O Lord, open Thou my lips, and my mouth shall show forth Thy praise.  For Thou hast no delight in sacrifice; were I to give a burnt offering, Thou wouldst not be pleased.

The sacrifice acceptable to God is a broken spirit; a broken and contrite heart Thou wilt not despise.  Do good to Zion in Thy good pleasure; rebuild the walls of Jerusalem, then wilt Thou delight in right sacrifices, in burnt offerings and whole burnt offerings; then bulls will be offered on Thy altar.

 

 

Readings of the Day:   Hebrews 6:13-20  &    Mark 9: 17-31

Today's gospel reading  describes the healing of  a boy who had a mute spirit and was suffering seizures at the hand of this spirit.  The reading  includes that infamous line "Lord, I believe; help my unbelief!"  So often have I thought these same lines, cried out this verse in tears.  We all do, don't we?  As much as we believe, we have those moments of weakness - but while we remain uncertain, we maintain our basis of faith.  We believe....we are just unsure of the details-unsure of His will. But we must continue our struggle; we must continue to climb the ladder, so to speak,  in our faith!

St. John of the Ladder

St. John Climacus (570-649 AD), known as St. John of the Ladder, was a monk of Sinai

Ladder of Divine Ascent
Ladder of Divine Ascent

and became the Abbot of Sinai Monastery.  He wrote a book titled The Ladder of Divine Ascent.  Read by many even today, it may be, according to Fr. Thomas Hopko, the most widely read book among Orthodox Christians after the bible itself.  The Ladder of Divine Ascent describes monastic virtues, monastic life, and the nature of being free from passions. The book contains 30 chapters.  Every chapter represents a step leading up to a faithful and pious life as the ultimate goal of a Christian life. The spiritual struggle of the Christian is a real one, daily, and St. John's writings encourages us to continue with that struggle. The feast day of Saint John Climacus is actually on March 30, however, as the Orthodox do not practice Divine Liturgies during the weekdays of Great Lent (other than The Annunciation of the Most Holy Theotokos -the day we commemorate the appearance of the Archangel Gabriel to the Virgin Mary announcing the conception of Christ who's birth we celebrate 9 months from this date ) the Church commemorates this particular Saint on this, the fourth Sunday of Lent.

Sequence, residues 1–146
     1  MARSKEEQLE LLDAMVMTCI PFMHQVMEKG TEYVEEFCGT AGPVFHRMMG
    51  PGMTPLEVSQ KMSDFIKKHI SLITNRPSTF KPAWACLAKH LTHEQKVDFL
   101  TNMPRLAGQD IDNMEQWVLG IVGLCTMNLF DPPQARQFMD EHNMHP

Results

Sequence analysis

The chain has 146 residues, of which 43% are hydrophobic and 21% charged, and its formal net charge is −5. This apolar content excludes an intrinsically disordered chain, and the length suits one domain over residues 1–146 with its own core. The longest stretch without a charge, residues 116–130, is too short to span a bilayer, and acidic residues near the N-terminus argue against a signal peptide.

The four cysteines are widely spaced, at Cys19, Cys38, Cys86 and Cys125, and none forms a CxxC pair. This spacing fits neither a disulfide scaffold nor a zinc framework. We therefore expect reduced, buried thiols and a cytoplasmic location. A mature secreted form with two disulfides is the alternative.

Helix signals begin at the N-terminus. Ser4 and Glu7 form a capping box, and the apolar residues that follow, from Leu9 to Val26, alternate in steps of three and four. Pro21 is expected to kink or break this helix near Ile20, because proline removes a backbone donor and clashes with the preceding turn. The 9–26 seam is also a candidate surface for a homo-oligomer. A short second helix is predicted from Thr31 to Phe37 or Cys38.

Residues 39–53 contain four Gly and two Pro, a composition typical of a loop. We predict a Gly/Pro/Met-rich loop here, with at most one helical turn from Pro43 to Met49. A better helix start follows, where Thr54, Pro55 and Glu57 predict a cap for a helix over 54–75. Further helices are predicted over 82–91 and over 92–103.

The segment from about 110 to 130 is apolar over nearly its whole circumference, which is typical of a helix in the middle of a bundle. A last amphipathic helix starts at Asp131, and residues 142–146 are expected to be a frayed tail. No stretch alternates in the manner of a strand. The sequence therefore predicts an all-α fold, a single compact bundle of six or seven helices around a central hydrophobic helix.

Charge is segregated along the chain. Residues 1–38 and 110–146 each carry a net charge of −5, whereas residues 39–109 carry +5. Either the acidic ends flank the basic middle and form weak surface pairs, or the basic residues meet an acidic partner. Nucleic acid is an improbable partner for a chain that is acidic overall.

*This book does tend to be difficult for the laity to read as it was written with monastics mostly in mind.  There is a newer book, Thirty Steps To Heaven, that is written to aid the laity in reading the wisdom offered by St. John.  I have often been tempted to read this book myself  (as I haven't even thought of attempting the original) and would love to hear from anyone that has!  There is an Amazon link below for both books.

 

 O John our father, saint of God, you who were revealed as a citizen of the desert, an angel in a body and a worker of miracles.  Through fasting, prayer, and vigils you have received heavenly gifts of grace and have healed the sick and the souls of those who turn to you with faith.  Glory be to Him who gave you strength; glory to Him who crowned you; glory be to Him who through you grants to all men healing. 

    ~ Orthros - Hymn to St. John of the Ladder

 

References and Sources of Information:

A Journey Through Great Lent - Edited by The Very Rev. Stephen Belonick

Daily Lenten Meditations for Orthodox Christians by Presbytera Emily Harakas

Fr. Thomas Hopko - Ancient Faith Radio

The Fourth Sunday of Lent: The Sunday of St. John Climacus